20040817

Configurable Factories and Proxy Injection using XStream

XStream is a useful lightweight persistence/transport/config xml round-trip library. Here is an example of how to use it for configurable factories.

So you have got your factory pattern in use:

MyObject.java
MyObjectImpl.java
MyObjectFactory.java

[please don't nit pick about the pattern implementation it is not the point of the blog]
You interface class MyObject is implemented by MyObjectImpl and you use the MyObjectFactory class to bind them together.

Here is the basic factory skeleton:

class MyObjectFactory {
...
MyObject getMyObject() {
MyObject object;
// whatever creational method is used will contain
object = createMyObject();
// and whatever
return object;
}
private MyObject createMyObject() {
// return new MyObjectImpl();
...
}
}


Next we create a utility class to abstract out the file and XStream handling. This is only a simple implementation, if you do this for real you should consider JNDI, getResourceAsStream and the use of patch directories.

public final class PrototypeFileReader {
private static final XStream XSTREAM = new XStream();
public static Object read(Class prototypeClass) {
try {
String fileName = prototypeClass.getName() + "-prototype.xml";
Reader myPrototypeReader = new FileReader(fileName);
return XSTREAM.fromXML(myPrototypeReader);
} catch (FileNotFoundException e) {
e.printStackTrace(); // or whatever
return null;
}
}
}


The factory method then becomes:

Object created = PrototypeFileReader.read(MyObject.class);
if (created == null) {
// throw a runtime exception of your choice
}
return created;


And to make it work you create the MyObject-prototype.xml file:

<example.xstream.MyObjectImpl>
<name>defaultName</name>
<value>defaultValue</value>
</example.xstream.MyObjectImpl>


And to make that file you would use this little utility:

public class PrototypeOutput {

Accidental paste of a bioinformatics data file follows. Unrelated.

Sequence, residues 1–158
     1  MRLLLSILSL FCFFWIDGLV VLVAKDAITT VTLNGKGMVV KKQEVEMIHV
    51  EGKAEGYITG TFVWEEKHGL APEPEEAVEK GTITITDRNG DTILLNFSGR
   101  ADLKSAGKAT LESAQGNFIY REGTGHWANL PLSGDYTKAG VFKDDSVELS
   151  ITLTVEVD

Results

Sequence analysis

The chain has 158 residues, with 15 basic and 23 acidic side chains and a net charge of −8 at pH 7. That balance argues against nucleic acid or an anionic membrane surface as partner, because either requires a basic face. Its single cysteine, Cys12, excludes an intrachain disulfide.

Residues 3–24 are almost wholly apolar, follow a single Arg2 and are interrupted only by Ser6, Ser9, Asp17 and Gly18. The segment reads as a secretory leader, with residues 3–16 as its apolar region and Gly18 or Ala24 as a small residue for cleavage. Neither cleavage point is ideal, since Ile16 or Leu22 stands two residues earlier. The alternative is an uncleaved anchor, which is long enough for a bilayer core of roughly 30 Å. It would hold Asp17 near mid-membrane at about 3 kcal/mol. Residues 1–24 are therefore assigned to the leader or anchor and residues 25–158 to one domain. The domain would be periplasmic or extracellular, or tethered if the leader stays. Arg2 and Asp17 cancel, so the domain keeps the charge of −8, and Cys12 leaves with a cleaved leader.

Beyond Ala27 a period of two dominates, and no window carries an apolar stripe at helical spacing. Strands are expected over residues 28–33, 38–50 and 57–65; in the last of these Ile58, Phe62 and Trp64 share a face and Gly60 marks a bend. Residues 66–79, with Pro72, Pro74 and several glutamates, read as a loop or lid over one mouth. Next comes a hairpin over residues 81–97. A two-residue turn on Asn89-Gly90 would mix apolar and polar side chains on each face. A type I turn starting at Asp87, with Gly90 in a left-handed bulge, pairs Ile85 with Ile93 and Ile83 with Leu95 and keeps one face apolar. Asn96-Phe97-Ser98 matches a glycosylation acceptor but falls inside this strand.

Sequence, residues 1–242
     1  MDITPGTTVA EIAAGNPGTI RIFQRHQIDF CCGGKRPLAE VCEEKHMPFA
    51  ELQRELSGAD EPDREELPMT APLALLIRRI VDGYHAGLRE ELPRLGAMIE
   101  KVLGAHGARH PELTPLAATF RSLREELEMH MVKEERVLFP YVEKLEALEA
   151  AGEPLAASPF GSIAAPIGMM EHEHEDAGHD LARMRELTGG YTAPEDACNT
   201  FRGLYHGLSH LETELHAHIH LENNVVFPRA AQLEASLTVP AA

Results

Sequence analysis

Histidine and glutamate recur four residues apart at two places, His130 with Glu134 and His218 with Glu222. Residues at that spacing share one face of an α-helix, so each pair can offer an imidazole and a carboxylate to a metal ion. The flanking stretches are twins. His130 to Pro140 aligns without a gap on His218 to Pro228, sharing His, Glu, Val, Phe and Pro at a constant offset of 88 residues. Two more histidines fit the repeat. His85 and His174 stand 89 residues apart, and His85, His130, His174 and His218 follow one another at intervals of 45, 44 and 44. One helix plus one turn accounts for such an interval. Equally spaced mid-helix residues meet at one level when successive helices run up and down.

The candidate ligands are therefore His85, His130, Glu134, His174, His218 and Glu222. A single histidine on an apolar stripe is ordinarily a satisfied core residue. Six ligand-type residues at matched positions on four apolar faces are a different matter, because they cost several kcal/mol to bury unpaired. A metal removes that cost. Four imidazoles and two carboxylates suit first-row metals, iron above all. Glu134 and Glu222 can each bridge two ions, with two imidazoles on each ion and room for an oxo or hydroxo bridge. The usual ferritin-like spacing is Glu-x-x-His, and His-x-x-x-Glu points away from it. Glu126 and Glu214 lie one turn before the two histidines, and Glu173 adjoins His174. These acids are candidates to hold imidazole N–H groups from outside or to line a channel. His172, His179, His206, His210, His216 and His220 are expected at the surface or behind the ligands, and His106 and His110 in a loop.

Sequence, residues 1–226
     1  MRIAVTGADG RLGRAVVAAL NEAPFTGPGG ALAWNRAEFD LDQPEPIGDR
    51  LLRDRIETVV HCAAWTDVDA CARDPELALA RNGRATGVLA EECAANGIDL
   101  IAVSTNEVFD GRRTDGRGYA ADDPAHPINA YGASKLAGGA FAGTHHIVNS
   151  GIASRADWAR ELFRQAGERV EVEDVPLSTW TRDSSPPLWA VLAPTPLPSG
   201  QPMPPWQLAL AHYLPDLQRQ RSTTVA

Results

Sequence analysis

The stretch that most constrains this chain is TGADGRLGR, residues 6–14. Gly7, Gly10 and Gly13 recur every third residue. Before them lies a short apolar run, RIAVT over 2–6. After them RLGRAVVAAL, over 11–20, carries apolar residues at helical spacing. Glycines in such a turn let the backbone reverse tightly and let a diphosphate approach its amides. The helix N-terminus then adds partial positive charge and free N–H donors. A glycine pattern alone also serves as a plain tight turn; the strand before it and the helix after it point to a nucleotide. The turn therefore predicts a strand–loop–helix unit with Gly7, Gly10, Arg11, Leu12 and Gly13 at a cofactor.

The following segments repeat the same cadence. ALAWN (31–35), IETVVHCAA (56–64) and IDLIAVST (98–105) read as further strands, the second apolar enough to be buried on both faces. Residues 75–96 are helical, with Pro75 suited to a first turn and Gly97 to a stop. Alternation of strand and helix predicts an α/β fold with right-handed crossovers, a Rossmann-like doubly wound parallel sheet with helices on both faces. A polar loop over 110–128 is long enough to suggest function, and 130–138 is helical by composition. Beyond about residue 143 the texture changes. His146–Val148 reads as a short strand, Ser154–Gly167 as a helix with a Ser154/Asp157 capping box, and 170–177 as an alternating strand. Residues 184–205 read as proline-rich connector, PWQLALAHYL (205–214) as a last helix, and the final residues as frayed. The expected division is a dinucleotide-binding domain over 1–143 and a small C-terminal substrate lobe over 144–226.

private static final XStream XSTREAM = new XStream();
public static void main(String[] args) {
String className = args[0];
try {
Object object = Class.forName(className).newInstance();
System.out.println(XSTREAM.toXML(object));
} catch (Exception e) { // naughty
e.printStackTrace();
}
}
}

Note that XStream will normally leave null fields out of serialized form. See the documentation for more details.

That is how you get the basic version running. The real power comes when you need to change the implementation either temporarily or permanently.

Here are 2 use cases of how you might want to change what the factory produces:

  • Version 2 needs to use an extended version to support a new feature.

    To do this you add the new class to the classpath and change the xml file to be something like:

    <example.xstream.MyObjectExtendedImpl>
    <name>defaultName</name>
    <value>defaultValue</value>
    <description>defaultDescription</description>
    </example.xstream.MyObjectExtendedImpl>


  • You need to trace the calls to the methods of the object.

    XStream has a DynamicProxyConverter which is very useful for inserting a proxy implementation in the place of your class, as in:

    <dynamic-proxy>
    <interface>example.xstream.MyObject</interface>
    <handler class="example.xstream.MyInvocationHandler">
    <real class="example.xstream.MyObjectImpl">
    <name>UNKNOWN</name>
    <value>UNKNOWN</value>
    </real>
    </handler>
    </dynamic-proxy>

    This example uses the InvocationHandler implementation MyInvocationHandler which is constructed with the member variable 'real' that is invoked as you trace the call. Other handlers might not need the 'real' implementation and could instead bind to test data or raise exceptions.

3 comments:

Anonymous said...

You might also be interested in this blog entry

straun said...

Addendum:

<dynamic-proxy>
<interface>example.xstream.MyObject</interface>
<handler class="example.xstream.MyOtherInvocationHandler">
<real class="dynamic-proxy"> <interface>example.xstream.MyObject</interface>
<handler class="example.xstream.MyInvocationHandler">
<real class="example.xstream.MyObjectImpl">
<name>UNKNOWN</name>
<value>UNKNOWN</value>
</real>
</handler>
</real>
</handler>
</dynamic-proxy>

Just in case you were not impressed already.

[note to self: need a better blog comment tool]

Joe said...

Nice.